The one step I’ll highlight here is the first one: Ask. The quality of the questions that the manager asks will set the tone for coaching conversations.
Action Item for Your Managers: Have them take the time to prepare a few questions prior to the coaching conversation to help advance the discussion toward reflection and discovery. A few examples of these kinds of questions include:
- What are your top commitments in your role for this coming year? How can I best support your pursuit of those?
- You have a lot on your plate at the moment. What obstacles do you think you might face as you work toward your goal?
- In order to achieve this goal, what smaller sub-goals will you need to hit? What actions can you take this week to get started on making progress?
- What could you do that’s a stretch for you at the moment but would be a breakthrough for you?
- How can I hold you accountable toward the progress you’ve identified as important without it feeling like you’re being micro-managed?
#2: Conversations with Themselves: These internal moments of reflection are the most frequently overlooked factor that contribute to the success or lack of success of coaching initiatives.
While managers may have several coaching conversations with their employees during the course of a day, they will have dozens of conversations with themselves about their coaching. This is the coaching mindset. How managers think about coaching, and how they internalize their own ability and the potential of their employees, will ultimately determine their success. Any coaching training must incorporate this essential element for long-term success. The majority of those polled during our webinar agreed, saying this is the area that’s most important for their managers to develop.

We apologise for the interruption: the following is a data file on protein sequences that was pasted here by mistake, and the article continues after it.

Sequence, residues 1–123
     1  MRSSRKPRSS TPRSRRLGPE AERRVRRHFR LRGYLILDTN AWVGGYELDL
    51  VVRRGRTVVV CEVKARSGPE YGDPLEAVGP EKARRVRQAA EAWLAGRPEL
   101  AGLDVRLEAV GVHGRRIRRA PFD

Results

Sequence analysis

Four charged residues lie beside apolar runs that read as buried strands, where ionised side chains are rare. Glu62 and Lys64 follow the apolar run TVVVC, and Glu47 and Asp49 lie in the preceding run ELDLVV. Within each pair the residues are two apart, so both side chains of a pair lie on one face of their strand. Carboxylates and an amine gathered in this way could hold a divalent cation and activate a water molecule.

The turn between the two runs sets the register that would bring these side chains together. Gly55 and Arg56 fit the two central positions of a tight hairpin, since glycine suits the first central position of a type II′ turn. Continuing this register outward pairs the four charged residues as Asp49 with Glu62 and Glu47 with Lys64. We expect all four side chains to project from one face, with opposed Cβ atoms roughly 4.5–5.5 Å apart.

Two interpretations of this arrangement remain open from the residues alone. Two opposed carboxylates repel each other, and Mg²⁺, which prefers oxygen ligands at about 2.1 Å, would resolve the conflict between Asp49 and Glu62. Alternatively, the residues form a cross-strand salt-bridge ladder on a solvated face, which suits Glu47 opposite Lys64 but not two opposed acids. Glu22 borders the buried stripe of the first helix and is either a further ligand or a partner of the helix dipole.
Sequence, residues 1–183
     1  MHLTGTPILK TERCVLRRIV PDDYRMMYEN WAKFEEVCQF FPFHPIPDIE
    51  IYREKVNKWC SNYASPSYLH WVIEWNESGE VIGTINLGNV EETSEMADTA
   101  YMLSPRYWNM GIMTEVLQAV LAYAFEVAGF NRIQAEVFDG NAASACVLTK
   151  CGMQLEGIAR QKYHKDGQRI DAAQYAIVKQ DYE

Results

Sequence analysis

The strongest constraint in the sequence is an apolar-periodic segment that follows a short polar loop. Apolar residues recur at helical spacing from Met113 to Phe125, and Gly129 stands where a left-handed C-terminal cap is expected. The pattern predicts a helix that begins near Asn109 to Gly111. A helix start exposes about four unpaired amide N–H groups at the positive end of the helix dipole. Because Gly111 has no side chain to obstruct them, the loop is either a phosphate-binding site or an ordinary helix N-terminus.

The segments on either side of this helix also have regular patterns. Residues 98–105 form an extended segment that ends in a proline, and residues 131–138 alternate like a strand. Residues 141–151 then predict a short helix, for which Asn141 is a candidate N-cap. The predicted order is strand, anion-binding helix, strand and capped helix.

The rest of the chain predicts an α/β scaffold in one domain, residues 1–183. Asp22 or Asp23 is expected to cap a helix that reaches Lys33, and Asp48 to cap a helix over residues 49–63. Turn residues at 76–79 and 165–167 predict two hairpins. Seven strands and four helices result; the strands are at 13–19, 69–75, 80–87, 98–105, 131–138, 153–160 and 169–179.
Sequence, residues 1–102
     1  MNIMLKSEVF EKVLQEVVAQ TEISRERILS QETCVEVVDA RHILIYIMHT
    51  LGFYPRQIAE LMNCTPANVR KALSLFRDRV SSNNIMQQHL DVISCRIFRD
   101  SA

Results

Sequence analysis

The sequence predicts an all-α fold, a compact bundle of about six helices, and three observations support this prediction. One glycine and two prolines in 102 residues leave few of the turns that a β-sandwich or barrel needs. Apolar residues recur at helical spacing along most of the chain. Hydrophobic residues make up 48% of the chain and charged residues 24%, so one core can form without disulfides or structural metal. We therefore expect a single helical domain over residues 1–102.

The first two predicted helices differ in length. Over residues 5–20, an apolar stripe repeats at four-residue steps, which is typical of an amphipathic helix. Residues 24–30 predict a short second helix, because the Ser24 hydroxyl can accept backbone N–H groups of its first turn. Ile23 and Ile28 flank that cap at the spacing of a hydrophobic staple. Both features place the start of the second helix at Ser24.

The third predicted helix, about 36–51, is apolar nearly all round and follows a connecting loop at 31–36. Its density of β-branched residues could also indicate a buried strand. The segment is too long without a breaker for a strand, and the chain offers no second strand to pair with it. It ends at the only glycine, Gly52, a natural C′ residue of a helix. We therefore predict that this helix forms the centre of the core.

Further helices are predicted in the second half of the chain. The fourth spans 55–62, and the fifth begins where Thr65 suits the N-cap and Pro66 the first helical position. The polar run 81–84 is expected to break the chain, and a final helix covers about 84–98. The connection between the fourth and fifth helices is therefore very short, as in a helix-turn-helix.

There are five components to conversation #2:
One component—“View of Coaching”—is especially noteworthy. If you stop 50 managers and ask them to describe their perception of what coaching is, you may get 50 different answers. If you are developing coaching initiatives in your organization, it’s critical to make sure that everyone clearly understands what effective coaching is, and what it is not. You may be surprised at the variety of perceptions within your management team.
#3: Conversation with their Coach: Who is coaching the coaches in your organization? How is the executive team directly supporting coaching? What messages are senior leaders sending, either consciously or unconsciously, regarding the importance of coaching?
It’s great to train the front-line managers on effective coaching skills. But if this is not being supported environmentally within your organization, managers will be facing challenging headwinds to sustaining any momentum.
You know coaching is important. If managers in your organization aren’t consistently doing it, look beneath the surface. Otherwise, you may fall into the trap of addressing symptoms rather than causes. Make sure you’re getting at the real reasons for this discrepancy as you focus on bridging that gap.
Chief Sales Officer